Q: Your Twitter feed mentions (and has a photo of) your psychiatric training hospital, Sheffield’s Middlewood Hospital, being turned into housing. Have you been able to visit Middlewood, and if so, what do you think of the transformation? (and what memories did your visit bring up?)

Peter: I visited the hospital site after nearly forty years. I prepared myself for some sort of disappointment while driving towards the new estate. On reaching one of the old entrances, I was pleased to find that the gate house, The Lodge, still stood. This is now used as a children’s nursery. I then travelled along unfamiliar roads and got quite lost until I found (what was) the main entrance to the old hospital. It is now the frontage of a block of flats. I was pleased that this façade had been preserved, but also somewhat disappointed. It just felt very strange. What to me had been a very welcoming entrance was now unapproachable. I was a stranger, I almost felt like an intruder.

Q: You found more of the hospital still existed?

Peter: I travelled to what I remembered was a block called Kingswood Building and to my surprise there it was. I was delighted that another building had been preserved. Unfortunately the church that I had been so familiar with was derelict.

I know we have to move on and it’s important that we reuse what would otherwise be ruins but surely we should not almost obliterate the past along with it. I hope I am being clear when I say that these buildings are only preserved because the frontages come under the “Listed Building Act,” not because they honour the former patients and the decent and worthy work that was performed in these hospitals over the previous century. Apart from the name, there is little to give any indication that this site was a former mental hospital.

Regarding this visit to Middlewood, I think what surprised and shocked me most was that when the buildings were converted the insides were completely ripped out, thus destroying the whole history of the building. They had stripped the heart out of the old hospital.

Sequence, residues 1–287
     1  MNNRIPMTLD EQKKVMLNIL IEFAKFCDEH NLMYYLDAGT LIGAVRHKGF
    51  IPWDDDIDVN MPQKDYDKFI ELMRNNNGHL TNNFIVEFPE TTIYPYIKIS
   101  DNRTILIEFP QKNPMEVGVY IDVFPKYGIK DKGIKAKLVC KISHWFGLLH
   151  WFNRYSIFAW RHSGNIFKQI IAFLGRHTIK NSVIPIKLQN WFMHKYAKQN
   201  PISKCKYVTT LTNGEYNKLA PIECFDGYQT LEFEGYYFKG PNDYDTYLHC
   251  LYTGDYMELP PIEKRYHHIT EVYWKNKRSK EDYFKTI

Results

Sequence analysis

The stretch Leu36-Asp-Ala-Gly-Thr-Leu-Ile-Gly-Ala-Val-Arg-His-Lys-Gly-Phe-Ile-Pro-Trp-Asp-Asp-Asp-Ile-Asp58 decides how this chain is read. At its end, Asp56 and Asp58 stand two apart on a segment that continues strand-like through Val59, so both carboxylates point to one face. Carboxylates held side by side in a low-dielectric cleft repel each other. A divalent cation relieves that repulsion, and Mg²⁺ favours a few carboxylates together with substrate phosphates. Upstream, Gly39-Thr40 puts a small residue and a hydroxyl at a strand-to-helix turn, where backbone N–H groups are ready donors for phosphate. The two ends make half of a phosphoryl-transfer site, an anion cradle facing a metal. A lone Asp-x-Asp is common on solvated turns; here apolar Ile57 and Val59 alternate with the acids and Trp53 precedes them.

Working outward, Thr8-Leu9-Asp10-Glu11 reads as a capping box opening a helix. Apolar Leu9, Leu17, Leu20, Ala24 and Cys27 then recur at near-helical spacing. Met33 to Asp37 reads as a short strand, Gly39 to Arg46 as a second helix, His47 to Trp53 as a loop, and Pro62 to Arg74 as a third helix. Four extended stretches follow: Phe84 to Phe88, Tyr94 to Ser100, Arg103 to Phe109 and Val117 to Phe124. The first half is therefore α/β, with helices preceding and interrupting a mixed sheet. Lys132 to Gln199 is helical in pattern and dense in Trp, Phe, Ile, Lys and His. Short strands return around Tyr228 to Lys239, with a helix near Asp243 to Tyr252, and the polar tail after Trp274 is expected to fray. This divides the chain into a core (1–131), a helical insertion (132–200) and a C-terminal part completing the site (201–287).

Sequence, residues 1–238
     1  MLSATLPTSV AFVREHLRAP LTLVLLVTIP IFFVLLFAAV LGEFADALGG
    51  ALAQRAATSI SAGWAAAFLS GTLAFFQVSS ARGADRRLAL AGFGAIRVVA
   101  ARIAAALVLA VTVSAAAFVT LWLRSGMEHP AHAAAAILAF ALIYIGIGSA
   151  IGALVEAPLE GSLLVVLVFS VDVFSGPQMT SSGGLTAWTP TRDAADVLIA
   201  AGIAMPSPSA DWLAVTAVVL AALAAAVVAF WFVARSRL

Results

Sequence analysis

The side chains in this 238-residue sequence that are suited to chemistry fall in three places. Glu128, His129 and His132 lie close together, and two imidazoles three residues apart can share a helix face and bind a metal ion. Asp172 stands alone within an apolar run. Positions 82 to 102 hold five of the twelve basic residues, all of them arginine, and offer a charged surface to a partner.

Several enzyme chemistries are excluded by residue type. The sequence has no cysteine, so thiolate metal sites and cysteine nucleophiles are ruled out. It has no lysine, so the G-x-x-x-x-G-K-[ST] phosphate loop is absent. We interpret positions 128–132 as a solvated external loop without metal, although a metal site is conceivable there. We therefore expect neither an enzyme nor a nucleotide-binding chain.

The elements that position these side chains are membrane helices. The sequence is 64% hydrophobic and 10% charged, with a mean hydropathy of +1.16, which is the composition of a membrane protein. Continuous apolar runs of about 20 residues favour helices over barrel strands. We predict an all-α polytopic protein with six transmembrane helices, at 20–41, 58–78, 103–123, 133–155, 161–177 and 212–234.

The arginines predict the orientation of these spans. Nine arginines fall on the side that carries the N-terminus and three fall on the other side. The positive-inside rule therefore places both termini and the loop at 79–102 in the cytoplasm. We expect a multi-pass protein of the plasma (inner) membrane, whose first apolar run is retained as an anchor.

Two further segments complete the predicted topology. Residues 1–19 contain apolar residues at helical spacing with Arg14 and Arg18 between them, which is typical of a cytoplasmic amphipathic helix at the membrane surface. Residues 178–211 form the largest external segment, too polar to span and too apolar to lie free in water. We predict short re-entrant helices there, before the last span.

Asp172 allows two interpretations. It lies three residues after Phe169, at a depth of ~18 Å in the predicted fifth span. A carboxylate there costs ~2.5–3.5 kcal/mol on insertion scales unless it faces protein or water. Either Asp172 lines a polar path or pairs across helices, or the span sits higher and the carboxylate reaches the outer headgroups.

when matronQ: Your previous books focused on nursing, especially in hospital wards – When Matron Ruled (2002), The Nursing Sister (2005) and When Sister Ruled (2009). Please tell us about your research, and why you began publishing your findings.

Peter: As I mention on English Historical Fiction Authors, I had the privilege of commencing my nurse training at the time of the traditional matron and ward sister. I developed a huge respect, and still hold fond memories of learning from these highly skilled ladies. Their professional demise in the 1970s led me, twenty years later, to meet with and write about many of their lives; and subsequently to examine the history of women in nursing.

I spent a good two years travelling the country and interviewing a number of these traditional but elusive matrons and sisters. I say elusive because many were quite private people who did not seek publicity. I wondered, and still wonder, if this personal privacy was an instilled/inherent tradition from the Victorian era? When I was interviewing the matrons and sisters I always took my wife, June, with me, as both note taker and chaperon. It undoubtedly proved very helpful as most of the ladies lived on their own, I am sure, I know, it made them more relaxed.

My histories are I hope a tribute to their selfless dedication to nursing.

Q: And now this background has contributed to your novel!

Peter: Yes. My new novel, Dorothy’s Dream, is set in the Victorian period just following the Crimean War when Florence Nightingale returned to England to introduce her reforms to nursing. The book combines many facets of this history and also sees the demise of the woman healer.

Q: Please tell readers about the characters.

Peter: As a child, Dorothy had been fascinated by the local healer Hettie Ferries, after all, Hettie had been the midwife at her birth.

Hettie is regarded as invaluable in this midlands rural area. In the absence of an accessible doctor, the villagers rely on Hettie for her many and varied cures. She is highly respected and sought after, her remedies and skills giving comfort, even to Poacher Bill. But the medical profession is advancing and a renewed intolerance for these notable ladies begins. This was to totally change Hettie’s life.

Q: The Smiths & Goslings used monthly nurses (after “confinement”), did Hettie just deliver babies?